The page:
- Most cities and towns in Arizona fall well below the national average rate of 35% for diverting trash from landfills to recycling, according to an Arizona Republic analysis. Phoenix's residential rate in 2014-15 was 20%, and would be closer to 14% if all of the trash that is taken to transfer stations by landscapers, construction crews, and residents were counted.
- Other towns with low recycling rates include Glendale, at less than 10%; Tempe, 11%; Mesa and Gilbert, 22%; Scottsdale, 17%; and Peoria, 23%.
- Chuck Hamstra, deputy public works director for Phoenix, said the state generally has no government mandates or financial incentives for recycling, and other states may calculate diversion rates differently. "Our programs are all voluntary and we allow the market to set our rates," he said. "We don’t have any economic or artificial incentives put in place by law like they do in California.’"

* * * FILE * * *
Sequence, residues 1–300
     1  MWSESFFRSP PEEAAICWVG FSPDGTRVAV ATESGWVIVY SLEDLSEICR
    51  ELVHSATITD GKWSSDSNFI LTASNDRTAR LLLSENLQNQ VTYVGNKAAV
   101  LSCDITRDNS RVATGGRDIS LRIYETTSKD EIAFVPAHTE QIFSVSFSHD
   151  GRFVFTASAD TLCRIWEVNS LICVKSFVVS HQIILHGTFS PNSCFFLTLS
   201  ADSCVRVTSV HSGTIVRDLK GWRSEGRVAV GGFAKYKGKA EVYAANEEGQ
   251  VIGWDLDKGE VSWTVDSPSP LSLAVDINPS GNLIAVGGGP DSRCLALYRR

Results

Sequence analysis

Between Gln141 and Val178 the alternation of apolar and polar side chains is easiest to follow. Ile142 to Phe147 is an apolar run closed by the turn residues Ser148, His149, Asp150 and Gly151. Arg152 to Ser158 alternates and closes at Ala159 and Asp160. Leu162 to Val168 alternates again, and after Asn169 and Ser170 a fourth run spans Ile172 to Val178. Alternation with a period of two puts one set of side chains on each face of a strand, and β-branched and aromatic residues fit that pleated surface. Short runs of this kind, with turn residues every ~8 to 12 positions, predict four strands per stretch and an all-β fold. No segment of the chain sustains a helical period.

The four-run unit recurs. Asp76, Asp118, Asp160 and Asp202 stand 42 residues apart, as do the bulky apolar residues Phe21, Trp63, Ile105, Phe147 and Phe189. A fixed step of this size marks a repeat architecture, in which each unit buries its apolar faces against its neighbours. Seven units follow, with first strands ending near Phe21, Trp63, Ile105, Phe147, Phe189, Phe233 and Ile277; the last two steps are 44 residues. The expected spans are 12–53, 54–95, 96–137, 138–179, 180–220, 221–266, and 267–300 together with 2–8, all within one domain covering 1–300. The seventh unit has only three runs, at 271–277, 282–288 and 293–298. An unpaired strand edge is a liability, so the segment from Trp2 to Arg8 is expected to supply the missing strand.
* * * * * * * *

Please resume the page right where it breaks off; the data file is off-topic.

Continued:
There are a number of reasons for Arizona cities' low recycling rates, the Republic noted. Many apartment complexes don't offer recycling, most cities don't have "green waste" initiatives because there is ample landfill space, and it's cheaper to throw kitchen and garden waste into the trash.
The Arizona Recycling Program statute of 1990 was designed to promote recycling programs. However, state-funded grants distributed to cities and towns for recycling education and programs ended in 2009.
One bright spot is Mesa, whose residential diversion rate is 29%, said Mariano Reyes, a spokesman for the Environmental Management & Sustainability Department. The rate is 32% when counting the one-third of single-family households that have signed up for the green-barrel yard waste program.
It's clear that state and local governments play a large role in encouraging recycling. California continues to be a model for reducing waste to landfills since the state began requiring municipalities to cut their landfill shipments in 1989. Now, a 2011 goal urges the entire state to cut landfill shipments by 75% by 2020.